The Congress, you see, has a tradition. Maharashtra is too big and too rich a state to be insulted. So, when a Congress chief minister of Maharashtra is removed for incompetence or electoral failure he cannot just be put into cold storage. If nothing else, that leaves the ex-chief minister twiddling his thumbs in Mumbai, with nothing to do but plot against his successor. So the Congress 'high command' cannily switches the man to Delhi.
That is how we got Sushil Kumar Shinde as our Union energy minister and Vilasrao Deshmukh as the Union heavy industries minister.
It has been reported that Vilasrao Deshmukh has not moved into his allotted bungalow because Mani Shankar Aiyar -- who lost his seat in the last general election -- is refusing to move out. The heavy industries minister has not raised a ruckus so far since he was apparently hoping to move back into Varsha, the chief minister's bungalow in Mumbai.
Both the Congress and the Bharatiya Janata Party had the decency to follow democratic tradition and announce who their prime ministerial candidates would be. That gave the people of India the chance to make their preference clear. Why could they not follow that healthy precedent when it came to the Maharashtra polls?
It is utter rubbish to claim that MLAs or MPs make the choice.
Neither the Congress, nor the B.J.P., nor even the C.P.I.(M) gives its legislators that freedom. The BJP leadership asked nobody before demanding Vasundhara Raje's resignation in Jaipur; the Congress 'high command' will be equally autocratic in Mumbai, Chandigarh, and Itanagar.
The same situation prevails in neighbouring Andhra Pradesh.
Rajasekhara Reddy's sudden death has left a vacuum in Hyderabad.
Jagan Mohan Reddy was supposed to be the heir to the throne but the Congress leadership does not approve. That leaves K Rosaiah as the man in charge -- even though one of his first acts was to preside over a meeting that called for giving the chief ministership to Jagan Mohan Reddy.
One should note, however, that the Congress's problems pale in comparison to those of the BJP and the Shiv Sena. This election means that the allies shall be out of power for close to fifteen years by the time that the newly-elected Vidhan Sabha's span ends.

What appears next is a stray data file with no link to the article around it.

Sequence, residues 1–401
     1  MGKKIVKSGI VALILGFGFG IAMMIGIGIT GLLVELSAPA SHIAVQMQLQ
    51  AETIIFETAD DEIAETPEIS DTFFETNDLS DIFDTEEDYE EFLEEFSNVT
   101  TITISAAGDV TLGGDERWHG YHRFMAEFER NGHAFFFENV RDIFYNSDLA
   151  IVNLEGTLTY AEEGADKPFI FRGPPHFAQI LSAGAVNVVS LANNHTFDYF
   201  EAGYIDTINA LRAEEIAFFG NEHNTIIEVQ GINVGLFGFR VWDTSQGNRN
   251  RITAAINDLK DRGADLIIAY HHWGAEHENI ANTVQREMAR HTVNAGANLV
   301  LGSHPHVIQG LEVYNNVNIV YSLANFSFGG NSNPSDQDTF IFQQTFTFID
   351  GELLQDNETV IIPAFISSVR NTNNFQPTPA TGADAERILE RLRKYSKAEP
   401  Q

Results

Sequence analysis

They lost the election despite the drought, the farmer suicides, the economic downturn and the job losses. Compare that to the way in which Haryana's voters decided to send a message to the ruling Congress.
It is not the fault of the voters of Maharashtra. Did the BJP and the Shiv Sena give them any reasons to vote in their favour?
Apologists for the BJP and the Shiv Sena are quick to point out that they have not been in power at either the central or the state level for several years. That is true, but they have been in power at the municipal level for a couple of years now, both in Delhi and in Mumbai not to mention a raft of smaller towns and cities.
Take a walk down the potholed streets of India's financial capital, remember how the monsoons flooded the city, get a whiff of the garbage piling up everywhere, and you will know just how badly the local government is run.
Yes, the Congress government of Maharashtra has proved incompetent and ineffective. But how, on the basis of seeing the Brihan-Mumbai Mahanagar Palika function, can anyone vote for the BJP. and the Shiv Sena? What kind of alternative do they offer?
By the way, the only reason that the Shiv Sena's Shubha Raul is the mayor of Mumbai is because the Congress and the NCP decided to fight each other in 2007. Come 2012, and who knows if the NDA allies can retain power at least at the local government level?
Again, if Ashok Chavan, Vilasrao Deshmukh, and Jagan Mohan Reddy represent Congress dynasties, it is no secret that both the Shiv Sena and the BJP have their share of prominent families. Which leads to the same question, what gives the voter any confidence that a Shiv Sena-BJP ministry shall differ substantially from the Congress-NCP alliance?
The best you can say for the Bharatiya Janata Party and the Shiv Sena is that they have five years to get something right before the next Lok Sabha and the next Maharashtra Vidhan Sabha elections.
Tailpiece: Readers may remember that I mentioned Mamata Banerjee's decision to put up her own candidates in Arunachal Pradesh in a previous column. I thought the Trinamool Congress might get a seat or two, but winning five has, I hear, shocked even the Congress high command. Once Maharashtra is settled, will the Congress try to placate Mamata Banerjee before the West Bengal elections?